Kunvarben Bhikabhai Rabari from the Lodai village in Kutch is an example of an artisan-designer who has found her ground through the school. An artist at heart, Kunverben emphasises that after being to school she uses embroidery to express her moods and inspirations. “If I walk by the stream and see plants and stones, then you’ll see my work will have more grays, browns, green and blue. This is how I can express what I am feeling, I am not a painter,” she explains.
Bihka bhai, her husband, says he couldn’t believe his wife went to school at all in the beginning. “She’s never been to school,” he repeats himself. But now he says he feels proud that she is respected and is sought after for her work, something he still hasn’t come to terms with. Depending on the volume of her work, Kunvarbhen today earns anywhere between 2500 to 10000 a month, which she keeps with herself for household expenses.
Kunvarben is part of the Rabari community in which women are now involved in commercial work for the first time in their lives. In her community, embroidery dowry was banned in 1995 when the elders realised that women were wasting years in finishing their dowry embroidery, translating to late marriage for many. Since then, the craft that was always a part of their traditional lifestyle has for most part lost its relevance.
The rabari community is relatively more liberal for women than other communities, says Frater. Many in the community are living stationary lives abandoning their earlier nomadic lifestyles. The community has also been open to education and young girls are attending school for the first time in the community’s history.
While friends and family trickle in to listen to Kunvarben, one of the visitors is another senior artisan from the village. 82-year-old Jivaben Ratabhai Rabari is the oldest lady in the community to have gone to the design school. Born in Dhaneti where she was the only girl in the family, Jivaben lost her father when she was 1 ½ and her mother died when she was 7. Since then she was looked after by her father’s sister. Much of her childhood, as is for nomadic communities, was about migrating from place to place with sheep and goats. Already having worked with Kala Raksha Trust, the founding NGO of the design school for sometime Jivaben wanted to take the plunge and join the Vidyalaya in 2009. “I wanted to learn and earn. I was not ashamed to go to school when I was so old,” she says.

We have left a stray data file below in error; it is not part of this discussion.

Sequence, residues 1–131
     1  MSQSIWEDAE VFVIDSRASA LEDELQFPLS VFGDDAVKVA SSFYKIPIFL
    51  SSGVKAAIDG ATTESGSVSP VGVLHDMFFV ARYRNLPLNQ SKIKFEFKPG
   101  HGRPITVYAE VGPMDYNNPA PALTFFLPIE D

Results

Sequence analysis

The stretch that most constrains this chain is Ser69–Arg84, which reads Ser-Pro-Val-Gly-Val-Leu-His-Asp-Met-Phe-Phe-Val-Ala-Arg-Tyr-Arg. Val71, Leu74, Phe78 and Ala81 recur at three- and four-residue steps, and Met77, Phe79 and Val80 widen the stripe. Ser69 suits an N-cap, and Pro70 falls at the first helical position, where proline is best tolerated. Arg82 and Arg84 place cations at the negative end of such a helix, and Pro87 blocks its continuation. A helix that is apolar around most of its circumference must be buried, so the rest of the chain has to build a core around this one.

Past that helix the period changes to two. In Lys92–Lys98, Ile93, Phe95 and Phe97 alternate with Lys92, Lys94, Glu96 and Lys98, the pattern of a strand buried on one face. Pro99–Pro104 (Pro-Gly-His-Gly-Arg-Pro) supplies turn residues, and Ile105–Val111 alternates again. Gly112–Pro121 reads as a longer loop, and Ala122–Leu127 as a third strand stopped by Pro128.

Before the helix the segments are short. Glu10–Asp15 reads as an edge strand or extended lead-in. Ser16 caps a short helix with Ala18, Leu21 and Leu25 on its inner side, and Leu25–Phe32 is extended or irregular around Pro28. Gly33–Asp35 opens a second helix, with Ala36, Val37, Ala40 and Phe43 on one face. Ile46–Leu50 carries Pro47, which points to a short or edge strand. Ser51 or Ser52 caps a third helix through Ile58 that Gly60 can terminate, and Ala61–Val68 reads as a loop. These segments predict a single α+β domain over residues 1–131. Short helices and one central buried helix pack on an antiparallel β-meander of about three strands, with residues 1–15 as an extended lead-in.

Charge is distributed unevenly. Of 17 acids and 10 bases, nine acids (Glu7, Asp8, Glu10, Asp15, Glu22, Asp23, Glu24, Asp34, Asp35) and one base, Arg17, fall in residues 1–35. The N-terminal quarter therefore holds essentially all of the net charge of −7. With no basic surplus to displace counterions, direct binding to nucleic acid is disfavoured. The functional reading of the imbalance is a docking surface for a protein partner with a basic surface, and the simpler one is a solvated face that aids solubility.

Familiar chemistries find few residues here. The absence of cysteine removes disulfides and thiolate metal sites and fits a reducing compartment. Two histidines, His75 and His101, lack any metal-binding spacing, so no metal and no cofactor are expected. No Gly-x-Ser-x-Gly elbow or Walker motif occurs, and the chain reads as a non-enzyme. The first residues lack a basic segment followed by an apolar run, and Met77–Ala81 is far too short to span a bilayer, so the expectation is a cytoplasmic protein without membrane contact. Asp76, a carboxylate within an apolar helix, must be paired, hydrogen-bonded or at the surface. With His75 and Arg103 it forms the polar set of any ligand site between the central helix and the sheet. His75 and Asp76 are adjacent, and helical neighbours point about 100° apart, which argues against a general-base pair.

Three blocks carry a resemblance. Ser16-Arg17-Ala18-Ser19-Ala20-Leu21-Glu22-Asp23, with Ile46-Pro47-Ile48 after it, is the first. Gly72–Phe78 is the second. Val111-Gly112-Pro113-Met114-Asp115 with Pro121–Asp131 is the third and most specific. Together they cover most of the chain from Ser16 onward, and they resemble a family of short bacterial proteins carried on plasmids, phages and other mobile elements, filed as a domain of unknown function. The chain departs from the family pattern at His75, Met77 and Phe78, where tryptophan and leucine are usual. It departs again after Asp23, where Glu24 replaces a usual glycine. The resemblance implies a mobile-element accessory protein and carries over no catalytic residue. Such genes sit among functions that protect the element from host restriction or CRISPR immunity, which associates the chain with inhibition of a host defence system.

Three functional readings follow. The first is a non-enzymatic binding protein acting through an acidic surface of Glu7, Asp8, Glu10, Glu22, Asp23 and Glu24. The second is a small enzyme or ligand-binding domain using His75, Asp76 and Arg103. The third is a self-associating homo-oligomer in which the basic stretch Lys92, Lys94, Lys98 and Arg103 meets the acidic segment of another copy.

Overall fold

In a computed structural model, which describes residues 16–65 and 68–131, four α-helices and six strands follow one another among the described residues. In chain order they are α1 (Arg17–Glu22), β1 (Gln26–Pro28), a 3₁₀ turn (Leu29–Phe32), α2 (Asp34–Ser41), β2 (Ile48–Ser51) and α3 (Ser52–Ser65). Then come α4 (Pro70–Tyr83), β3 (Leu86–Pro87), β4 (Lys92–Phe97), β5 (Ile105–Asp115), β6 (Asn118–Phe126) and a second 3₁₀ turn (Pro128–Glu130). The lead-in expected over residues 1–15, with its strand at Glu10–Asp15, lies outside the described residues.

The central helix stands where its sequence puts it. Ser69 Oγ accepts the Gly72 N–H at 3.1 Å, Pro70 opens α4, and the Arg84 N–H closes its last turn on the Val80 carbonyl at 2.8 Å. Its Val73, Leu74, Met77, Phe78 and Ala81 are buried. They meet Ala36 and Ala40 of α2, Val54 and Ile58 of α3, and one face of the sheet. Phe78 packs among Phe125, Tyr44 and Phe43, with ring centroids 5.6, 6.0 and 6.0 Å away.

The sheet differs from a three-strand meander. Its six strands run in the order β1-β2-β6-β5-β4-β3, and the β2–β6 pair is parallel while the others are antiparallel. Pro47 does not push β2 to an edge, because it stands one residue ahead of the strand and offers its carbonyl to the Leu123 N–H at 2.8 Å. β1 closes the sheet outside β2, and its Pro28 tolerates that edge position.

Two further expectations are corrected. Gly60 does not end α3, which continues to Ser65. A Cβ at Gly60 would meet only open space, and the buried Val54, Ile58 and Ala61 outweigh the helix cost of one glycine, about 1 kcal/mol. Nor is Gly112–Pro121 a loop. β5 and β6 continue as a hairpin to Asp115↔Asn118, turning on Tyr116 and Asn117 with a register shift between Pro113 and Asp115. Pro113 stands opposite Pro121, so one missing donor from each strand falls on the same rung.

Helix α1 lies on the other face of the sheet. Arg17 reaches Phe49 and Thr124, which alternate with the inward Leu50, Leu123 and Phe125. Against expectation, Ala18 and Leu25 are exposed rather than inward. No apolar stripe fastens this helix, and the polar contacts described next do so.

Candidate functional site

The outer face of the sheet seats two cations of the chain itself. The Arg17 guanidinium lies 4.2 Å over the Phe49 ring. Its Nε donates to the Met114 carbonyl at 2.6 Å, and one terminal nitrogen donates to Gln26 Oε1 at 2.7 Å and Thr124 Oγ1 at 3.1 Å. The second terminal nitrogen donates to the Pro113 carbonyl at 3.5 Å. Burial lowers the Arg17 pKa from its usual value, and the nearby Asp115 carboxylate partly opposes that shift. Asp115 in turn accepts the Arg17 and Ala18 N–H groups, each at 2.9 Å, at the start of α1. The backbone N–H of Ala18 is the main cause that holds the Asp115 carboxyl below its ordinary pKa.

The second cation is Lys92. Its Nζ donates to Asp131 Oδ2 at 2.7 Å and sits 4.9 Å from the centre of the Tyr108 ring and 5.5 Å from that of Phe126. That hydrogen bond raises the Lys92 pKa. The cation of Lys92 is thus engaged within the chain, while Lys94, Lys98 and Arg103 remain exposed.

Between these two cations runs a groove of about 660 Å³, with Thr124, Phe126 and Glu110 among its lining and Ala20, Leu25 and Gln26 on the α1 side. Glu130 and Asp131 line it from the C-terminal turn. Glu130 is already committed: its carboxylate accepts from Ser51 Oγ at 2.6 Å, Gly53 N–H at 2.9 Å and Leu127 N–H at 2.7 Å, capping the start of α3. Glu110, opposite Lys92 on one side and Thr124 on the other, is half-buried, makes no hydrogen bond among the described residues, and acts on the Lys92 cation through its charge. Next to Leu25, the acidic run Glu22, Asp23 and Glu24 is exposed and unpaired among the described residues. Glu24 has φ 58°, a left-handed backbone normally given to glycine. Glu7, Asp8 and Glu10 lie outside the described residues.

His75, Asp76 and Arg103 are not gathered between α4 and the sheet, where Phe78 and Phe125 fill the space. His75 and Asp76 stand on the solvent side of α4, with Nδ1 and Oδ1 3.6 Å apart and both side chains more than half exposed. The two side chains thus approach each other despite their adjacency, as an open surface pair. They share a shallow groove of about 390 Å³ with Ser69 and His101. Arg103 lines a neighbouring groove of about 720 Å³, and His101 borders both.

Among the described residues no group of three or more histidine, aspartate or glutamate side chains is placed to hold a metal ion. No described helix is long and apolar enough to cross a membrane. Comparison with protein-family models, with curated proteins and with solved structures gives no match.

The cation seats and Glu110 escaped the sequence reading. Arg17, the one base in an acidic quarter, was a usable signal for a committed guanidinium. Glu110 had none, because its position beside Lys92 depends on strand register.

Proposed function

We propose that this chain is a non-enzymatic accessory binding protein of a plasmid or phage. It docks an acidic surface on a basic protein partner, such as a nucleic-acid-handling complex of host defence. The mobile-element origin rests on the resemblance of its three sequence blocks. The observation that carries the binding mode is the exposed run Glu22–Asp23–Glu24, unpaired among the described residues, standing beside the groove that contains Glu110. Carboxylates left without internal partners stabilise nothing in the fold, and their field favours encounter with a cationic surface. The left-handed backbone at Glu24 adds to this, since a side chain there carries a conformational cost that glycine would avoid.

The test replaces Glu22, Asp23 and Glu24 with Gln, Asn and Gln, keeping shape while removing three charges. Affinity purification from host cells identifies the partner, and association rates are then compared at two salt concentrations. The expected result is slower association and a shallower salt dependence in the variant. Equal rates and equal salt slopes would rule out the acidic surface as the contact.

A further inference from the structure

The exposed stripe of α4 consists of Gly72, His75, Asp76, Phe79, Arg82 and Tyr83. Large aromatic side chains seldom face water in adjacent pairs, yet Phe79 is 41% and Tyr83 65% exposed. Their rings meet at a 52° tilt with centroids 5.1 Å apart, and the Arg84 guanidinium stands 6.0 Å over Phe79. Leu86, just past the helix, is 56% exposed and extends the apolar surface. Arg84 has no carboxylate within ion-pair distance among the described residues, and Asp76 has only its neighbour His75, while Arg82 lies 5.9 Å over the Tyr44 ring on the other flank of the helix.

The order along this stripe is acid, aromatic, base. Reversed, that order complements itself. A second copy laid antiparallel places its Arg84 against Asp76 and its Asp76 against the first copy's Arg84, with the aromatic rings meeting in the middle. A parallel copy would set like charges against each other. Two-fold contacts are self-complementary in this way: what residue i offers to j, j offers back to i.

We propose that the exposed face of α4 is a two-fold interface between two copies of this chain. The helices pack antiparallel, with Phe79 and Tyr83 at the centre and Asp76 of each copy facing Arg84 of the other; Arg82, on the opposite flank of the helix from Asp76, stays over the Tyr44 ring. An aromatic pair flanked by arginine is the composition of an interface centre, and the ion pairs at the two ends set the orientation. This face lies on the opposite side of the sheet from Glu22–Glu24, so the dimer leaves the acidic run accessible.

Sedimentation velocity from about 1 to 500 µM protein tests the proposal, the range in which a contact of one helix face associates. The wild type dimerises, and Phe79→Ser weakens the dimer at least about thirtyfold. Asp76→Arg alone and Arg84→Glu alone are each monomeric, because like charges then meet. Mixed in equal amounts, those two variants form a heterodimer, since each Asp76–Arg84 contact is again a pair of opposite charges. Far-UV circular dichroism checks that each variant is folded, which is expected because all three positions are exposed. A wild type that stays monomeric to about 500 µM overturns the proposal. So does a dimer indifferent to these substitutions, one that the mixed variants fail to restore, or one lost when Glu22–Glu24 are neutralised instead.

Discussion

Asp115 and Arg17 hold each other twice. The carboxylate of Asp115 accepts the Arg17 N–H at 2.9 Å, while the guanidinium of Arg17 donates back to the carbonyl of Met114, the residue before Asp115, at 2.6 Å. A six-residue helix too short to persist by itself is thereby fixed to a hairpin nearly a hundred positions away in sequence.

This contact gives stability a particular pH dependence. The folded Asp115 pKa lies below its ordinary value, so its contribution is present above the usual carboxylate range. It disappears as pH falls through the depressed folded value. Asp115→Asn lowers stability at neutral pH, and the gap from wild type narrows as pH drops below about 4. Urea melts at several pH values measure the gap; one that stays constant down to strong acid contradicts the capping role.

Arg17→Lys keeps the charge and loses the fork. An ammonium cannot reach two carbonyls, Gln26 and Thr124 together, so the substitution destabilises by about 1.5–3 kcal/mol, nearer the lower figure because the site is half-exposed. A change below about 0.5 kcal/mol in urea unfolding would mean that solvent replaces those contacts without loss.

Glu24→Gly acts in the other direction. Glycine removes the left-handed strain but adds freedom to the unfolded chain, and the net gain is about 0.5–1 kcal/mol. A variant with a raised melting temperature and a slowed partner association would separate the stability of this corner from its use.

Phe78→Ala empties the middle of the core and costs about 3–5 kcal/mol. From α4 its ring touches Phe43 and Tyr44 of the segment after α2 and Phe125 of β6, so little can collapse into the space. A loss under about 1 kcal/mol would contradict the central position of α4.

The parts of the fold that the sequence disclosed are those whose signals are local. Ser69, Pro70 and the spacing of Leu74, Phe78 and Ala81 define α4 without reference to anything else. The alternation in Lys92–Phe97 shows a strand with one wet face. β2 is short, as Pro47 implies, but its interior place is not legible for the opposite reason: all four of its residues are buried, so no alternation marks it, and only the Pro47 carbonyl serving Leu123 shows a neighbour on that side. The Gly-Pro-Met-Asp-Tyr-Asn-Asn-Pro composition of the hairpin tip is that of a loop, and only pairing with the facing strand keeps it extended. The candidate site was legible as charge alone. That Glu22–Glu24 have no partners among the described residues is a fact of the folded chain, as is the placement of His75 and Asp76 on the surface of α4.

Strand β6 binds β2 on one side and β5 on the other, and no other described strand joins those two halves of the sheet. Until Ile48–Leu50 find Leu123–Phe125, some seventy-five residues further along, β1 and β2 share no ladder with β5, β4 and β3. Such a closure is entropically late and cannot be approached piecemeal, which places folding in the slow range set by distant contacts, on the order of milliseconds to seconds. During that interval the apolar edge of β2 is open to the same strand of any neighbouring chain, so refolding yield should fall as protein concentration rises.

Today Jivaben says she earns around 3 to 4000 a month. In fact after graduating, she says she feels confident and can communicate much better. At school, you have all the space to concentrate and don’t have to worry about other household work, she explains. The old ladies who would have been discarded as useless are respected and sought after today by the young for their traditional skills, something that has changed life for many women, she says.
The old ladies who would have been discarded as useless are respected and sought after today by the young for their traditional skills…
Like Jivaben and Kunvarben, Hariyaben is full of ideas and ambitions. She is part of the community that came to India from Thar Parkar in east Sindh forty years ago. Like others from Sindh, Hariyaben practices suf embroidery that bears a strong resemblance to phulkari of Punjab and other embroidery styles found in Afghanistan and Pakistan.
A 2009 graduate of the design school, Hariyaben says a memorable part of the course for her were the field trips to Ahmedabad where she had the opportunity to visit retail outlets such as FabIndia and Bandhej. This, she says, has inspired her to dream about her own products for interior design. Each student designs for a particular client taking into account the age, status and preferences of the customer. This is another important exercise that Hariyaben says has worked for her. Enterprising, confident and creative, she has been responsible for various successful projects such as designing recycled toys at Kala Raksha and the Parkari dolls.
In craft-rich Gujarat, it is the sprawling Kutch region that works as a key example of market lessons in the sector. Kutch is home to thirty different crafts that include bell-making, leather, metal and stone work, lacquer, pottery, weaving, block-printing, tie-and-dye (bandhani) and embroidery practised by around 40,000 crafts people from diverse communities.
With societies changing and markets opening up, many crafts have lost their relevance. Those that couldn’t catch up simply faded away. Keeping the tradition alive while making it contemporary for a consumer aesthetic as well as the identity of the artisan intact, then, has been the challenge, the effort and the success at Kala Raksha Vidyalaya.
“Where else on earth can you be a housewife in a remote village and still get to design,” asks Hariyaben, while working on an appliqué assignment on a hot summer afternoon along with other women of their community, their daughters, and daughters-in-law.
*All pics courtesy: Kala Raksha